Irwin Detention Facility has history of physical and verbal abuse
Top U.S. House Democrats are investigating a whistleblower’s allegations that immigrant women in a Georgia detention center endured gynecological procedures without their consent or full understanding of the treatment that was being performed.
Dawn Wooten, a nurse who worked at the Irwin County Detention Center, said women at the Immigration and Customs Enforcement facility “were sent to an outside medical provider to undergo gynecological procedures—including but not limited to hysterectomies—without providing informed consent,” lawmakers wrote in a letter Monday to those in charge of the facility.
In a complaint to federal officials, whistleblower Wooten said a “high amount” of hysterectomies were performed on women at the Georgia facility. A hysterectomy removes the uterus, and sometimes ovaries, meaning an individual can’t menstruate or get pregnant.
“Everybody’s uterus cannot be that bad,” Wooten said in her complaint, calling the doctor who performed the gynecological procedures “the uterus collector.”
The House Oversight and Reform and Homeland Security committees are requesting documents from Tony Pham, a senior ICE official; Phil Bickham, the warden for the detention center; and Rodney Cooper, the executive director for LaSalle Corrections, a company that provides correctional staff for immigration detention facilities in Georgia, Texas and Louisiana.
Wooten, the nurse, “has also alleged that there was repeated disregard for the safety of both employees and detainees in
contravention of protocols recommended by federal authorities to control the spread of coronavirus,” lawmakers wrote. “These allegations, if true, are a shock to the conscience.”
The letter was signed by Homeland Security Chair Bennie Thompson (D-Miss.) and Oversight and Reform Chair Carolyn Maloney (D-N.Y.), as well as Subcommittee on Border Security, Facilitation, and Operations Chair Kathleen Rice (D-N.Y.) and Subcommittee on Civil Rights and Civil Liberties Chair Rep. Jamie Raskin (D-Md.).
Lawmakers want documents going as far back as 2015 about gynecological or obstetrical care people at the detention center or off site received, along with all communications between staff and medical providers. The letter also requested any documents about how the facility responded to coronavirus outbreaks and what measures were taken to prevent the spread.
Democrats requested those documents by Oct. 2.
Pham, ICE senior official performing the duties of Director, said in a statement that the allegations “raise some very serious concerns that deserve to be investigated quickly and thoroughly.”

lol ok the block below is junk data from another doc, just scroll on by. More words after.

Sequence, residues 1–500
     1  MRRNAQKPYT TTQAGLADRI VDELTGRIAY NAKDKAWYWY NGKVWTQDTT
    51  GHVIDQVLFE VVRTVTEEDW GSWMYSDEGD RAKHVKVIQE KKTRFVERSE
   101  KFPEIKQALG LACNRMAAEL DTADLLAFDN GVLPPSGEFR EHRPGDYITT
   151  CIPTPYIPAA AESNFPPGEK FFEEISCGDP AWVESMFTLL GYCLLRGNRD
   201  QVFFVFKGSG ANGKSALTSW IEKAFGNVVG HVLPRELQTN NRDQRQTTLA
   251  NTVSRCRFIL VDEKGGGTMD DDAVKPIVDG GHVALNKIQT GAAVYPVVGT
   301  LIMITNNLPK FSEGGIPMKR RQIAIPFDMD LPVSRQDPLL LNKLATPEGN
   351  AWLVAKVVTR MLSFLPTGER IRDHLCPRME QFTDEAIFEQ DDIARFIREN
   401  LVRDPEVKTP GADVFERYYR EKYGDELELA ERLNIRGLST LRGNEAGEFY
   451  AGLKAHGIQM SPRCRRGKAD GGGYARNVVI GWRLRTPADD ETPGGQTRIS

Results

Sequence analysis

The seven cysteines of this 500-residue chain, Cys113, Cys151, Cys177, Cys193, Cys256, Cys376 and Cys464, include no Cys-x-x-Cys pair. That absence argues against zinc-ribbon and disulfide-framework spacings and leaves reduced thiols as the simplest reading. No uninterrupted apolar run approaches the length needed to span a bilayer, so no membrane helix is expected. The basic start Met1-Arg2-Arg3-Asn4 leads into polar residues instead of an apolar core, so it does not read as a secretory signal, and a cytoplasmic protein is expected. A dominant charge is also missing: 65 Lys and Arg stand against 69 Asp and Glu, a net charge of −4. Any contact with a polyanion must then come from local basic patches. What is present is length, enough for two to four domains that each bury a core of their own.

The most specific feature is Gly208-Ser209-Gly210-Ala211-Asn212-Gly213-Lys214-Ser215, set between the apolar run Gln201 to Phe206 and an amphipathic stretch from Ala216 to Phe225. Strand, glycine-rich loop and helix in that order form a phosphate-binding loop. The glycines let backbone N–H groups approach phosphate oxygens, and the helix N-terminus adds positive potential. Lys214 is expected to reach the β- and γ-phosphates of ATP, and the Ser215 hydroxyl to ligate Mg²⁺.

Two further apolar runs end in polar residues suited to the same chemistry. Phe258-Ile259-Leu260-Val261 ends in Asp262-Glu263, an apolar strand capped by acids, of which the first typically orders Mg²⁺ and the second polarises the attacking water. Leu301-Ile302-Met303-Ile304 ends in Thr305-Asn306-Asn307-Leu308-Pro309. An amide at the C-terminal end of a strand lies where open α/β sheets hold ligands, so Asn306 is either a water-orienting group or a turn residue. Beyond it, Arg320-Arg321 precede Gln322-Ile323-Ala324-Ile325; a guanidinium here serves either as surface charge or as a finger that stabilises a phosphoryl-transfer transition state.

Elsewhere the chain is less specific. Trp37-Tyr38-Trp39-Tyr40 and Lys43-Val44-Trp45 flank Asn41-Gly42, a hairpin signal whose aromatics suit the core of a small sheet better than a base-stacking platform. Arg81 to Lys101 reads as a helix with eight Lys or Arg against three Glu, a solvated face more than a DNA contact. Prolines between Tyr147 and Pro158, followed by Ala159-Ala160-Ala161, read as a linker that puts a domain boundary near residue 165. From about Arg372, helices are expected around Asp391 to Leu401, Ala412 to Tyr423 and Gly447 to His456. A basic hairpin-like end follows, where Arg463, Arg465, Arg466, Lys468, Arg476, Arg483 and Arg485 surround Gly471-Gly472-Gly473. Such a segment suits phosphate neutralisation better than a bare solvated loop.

“ICE welcomes the efforts of both the Office of Inspector General as well as the Department of Homeland Security’s parallel review,” he said, referring to an ongoing investigation by the DHS inspector general’s office.
“As a former prosecutor, individuals found to have violated our policies and procedures should be held accountable. If there is any truth to these allegations, it is my commitment to make the corrections necessary to ensure we continue to prioritize the health, welfare and safety of ICE detainees.”
ICE did not respond to questions about the congressional investigation.
This is not the first time the Irwin facility in Georgia has raised concerns on the Hill. In 2019, House Oversight and Reform Committee staff visited several ICE facilities in Georgia, including the Irwin facility. Staff members wrote to DHS Inspector General Joseph Cuffari about their concerns that detainees were being physically and verbally abused by the facility officials. “The Committee’s visit’s uncovered significant concerns with these facilities that would benefit from a thorough review by your office,” they wrote.
Azadeh Shahshahani, the legal and advocacy director of Project South, said the Irwin detention facility has a long history of violating human rights and that lawmakers should familiarize themselves with the center’s history during their investigation. A 2017 report by Project South Legal, a social justice organization based in Atlanta, found dozens of reports of abuse at the Irwin facility.
“This facility needs to be shut down,” she said. “We are not talking about the actions of one individual, we are talking about the whole system.”
Project South and the Government Accountability Project, a nonprofit that protects and advocates for whistleblowers, are representing Wooten.
“We hope that lawmakers keep the pressure on,” Shahshahani said. “We need a congressional investigation.”
CORRECTION: Azadeh Shahshahani is the legal and advocacy director of Project South. An earlier version of this report misstated her title and the name of the organization where she works.